Here are some tips to help you increase fuel efficiency:


Don’t Idle

While your car does use a little bit of gas to turn on, in general, if you are stopped for more than a minute, you’ll use more gas standing than you would use if you turned your car off and back on.  So if you are picking up your kids from school or waiting with them at the bus stop for longer than a minute, turn off the car and save gas.


Keep Your Tires Inflated

Properly inflated tires will reduce friction between the tire and the road, allowing you to get better gas mileage.  Make sure you fill up to the recommended tire pressure, and then continue to check your pressure with a tire gauge every month.


Follow Maintenance Guidelines

Your car was built to work a certain way, and if you skip getting your vehicle serviced, you might run into more problems than just poor fuel efficiency.  Check your driver’s manual to see when you need to change your oil, filter, etc.


Compare Gas Prices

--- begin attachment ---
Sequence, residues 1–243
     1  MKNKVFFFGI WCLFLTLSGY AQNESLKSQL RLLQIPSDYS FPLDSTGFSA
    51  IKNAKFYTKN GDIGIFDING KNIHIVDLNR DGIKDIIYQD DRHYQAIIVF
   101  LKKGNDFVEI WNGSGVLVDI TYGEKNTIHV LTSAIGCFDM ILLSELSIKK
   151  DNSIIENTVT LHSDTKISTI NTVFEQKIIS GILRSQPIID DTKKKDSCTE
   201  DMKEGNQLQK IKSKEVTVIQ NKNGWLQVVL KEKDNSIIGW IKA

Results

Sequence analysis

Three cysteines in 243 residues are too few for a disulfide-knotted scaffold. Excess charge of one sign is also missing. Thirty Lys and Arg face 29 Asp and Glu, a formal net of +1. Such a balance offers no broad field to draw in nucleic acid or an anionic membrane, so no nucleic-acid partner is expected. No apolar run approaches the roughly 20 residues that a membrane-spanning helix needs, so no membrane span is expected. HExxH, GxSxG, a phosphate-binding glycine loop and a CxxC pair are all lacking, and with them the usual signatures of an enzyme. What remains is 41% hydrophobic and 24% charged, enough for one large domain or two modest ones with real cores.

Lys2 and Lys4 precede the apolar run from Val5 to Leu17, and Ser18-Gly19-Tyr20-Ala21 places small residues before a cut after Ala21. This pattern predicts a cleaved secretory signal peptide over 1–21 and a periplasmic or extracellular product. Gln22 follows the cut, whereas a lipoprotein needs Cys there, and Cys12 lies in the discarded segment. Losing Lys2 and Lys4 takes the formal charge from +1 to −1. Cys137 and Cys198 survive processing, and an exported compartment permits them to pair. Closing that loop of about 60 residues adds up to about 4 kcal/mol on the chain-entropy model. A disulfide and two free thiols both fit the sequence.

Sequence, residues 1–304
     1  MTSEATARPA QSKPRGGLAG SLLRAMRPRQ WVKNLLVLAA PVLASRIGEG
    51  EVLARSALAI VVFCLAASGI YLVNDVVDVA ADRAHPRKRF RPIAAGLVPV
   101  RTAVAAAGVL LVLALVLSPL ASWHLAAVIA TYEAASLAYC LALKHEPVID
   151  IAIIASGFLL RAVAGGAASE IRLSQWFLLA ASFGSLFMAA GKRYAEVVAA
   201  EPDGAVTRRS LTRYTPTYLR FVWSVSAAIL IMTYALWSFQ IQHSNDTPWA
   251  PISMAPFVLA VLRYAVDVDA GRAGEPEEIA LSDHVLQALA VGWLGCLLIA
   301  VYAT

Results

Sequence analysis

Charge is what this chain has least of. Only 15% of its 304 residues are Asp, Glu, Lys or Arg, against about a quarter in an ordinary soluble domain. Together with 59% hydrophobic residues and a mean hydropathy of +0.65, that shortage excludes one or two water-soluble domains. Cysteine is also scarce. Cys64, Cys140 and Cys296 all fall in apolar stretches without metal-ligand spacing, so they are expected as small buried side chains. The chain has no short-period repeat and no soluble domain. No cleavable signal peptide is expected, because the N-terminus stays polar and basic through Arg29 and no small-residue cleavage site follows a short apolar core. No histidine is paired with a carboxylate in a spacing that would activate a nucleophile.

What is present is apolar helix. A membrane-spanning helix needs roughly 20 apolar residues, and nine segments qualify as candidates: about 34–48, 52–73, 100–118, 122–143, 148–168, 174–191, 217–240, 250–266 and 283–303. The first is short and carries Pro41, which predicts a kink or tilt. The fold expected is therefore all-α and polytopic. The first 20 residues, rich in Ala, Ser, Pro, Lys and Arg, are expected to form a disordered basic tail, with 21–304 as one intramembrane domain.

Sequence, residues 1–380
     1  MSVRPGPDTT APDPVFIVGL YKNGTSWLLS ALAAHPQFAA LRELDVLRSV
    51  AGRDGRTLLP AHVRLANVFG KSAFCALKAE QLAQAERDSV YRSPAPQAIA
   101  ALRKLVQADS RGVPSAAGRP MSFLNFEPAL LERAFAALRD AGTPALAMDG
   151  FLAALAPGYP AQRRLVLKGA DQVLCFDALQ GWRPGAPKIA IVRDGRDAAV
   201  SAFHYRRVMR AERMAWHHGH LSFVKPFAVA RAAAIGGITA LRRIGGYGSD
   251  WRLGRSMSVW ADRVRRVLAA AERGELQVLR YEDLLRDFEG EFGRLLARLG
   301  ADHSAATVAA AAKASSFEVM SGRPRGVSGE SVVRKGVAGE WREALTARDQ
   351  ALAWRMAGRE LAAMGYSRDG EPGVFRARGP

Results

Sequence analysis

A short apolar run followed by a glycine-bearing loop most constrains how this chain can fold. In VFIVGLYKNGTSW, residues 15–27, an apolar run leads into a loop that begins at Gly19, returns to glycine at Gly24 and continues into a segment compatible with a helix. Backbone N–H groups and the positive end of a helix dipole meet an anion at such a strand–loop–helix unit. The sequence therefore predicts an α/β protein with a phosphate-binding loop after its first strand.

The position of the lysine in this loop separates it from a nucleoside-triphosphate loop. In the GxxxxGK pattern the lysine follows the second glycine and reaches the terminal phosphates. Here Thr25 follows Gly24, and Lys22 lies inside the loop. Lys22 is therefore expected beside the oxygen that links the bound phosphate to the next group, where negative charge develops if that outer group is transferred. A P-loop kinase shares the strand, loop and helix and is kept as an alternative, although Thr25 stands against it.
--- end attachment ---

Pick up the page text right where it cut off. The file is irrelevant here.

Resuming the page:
…but don’t go crazy.  Look for the cheapest gas prices in the area.  However, if you have to drive ridiculously out of the way just to save a couple more cents per gallon, then you’ll probably waste more gas than you end up saving.


The Most Important Tip: Drive Safely

Tailgating is not only dangerous, but it consumes more fuel.  Every time the car accelerates, it uses more gas.  So when you have to slam on the brakes suddenly, then accelerate suddenly, you’re using more gas than you need to use.


Instead, keep a safer following distance. That way, when traffic ahead slows down or stops, you can ease off the gas and, if necessary, brake gently. Once you have reached the speed limit, the car does not use as much fuel to keep going, since inertia will carry it forward.  When you let the car slow down naturally, you won’t waste all that gas you used to accelerate in the first place.  Using cruise control can help you maintain your speed.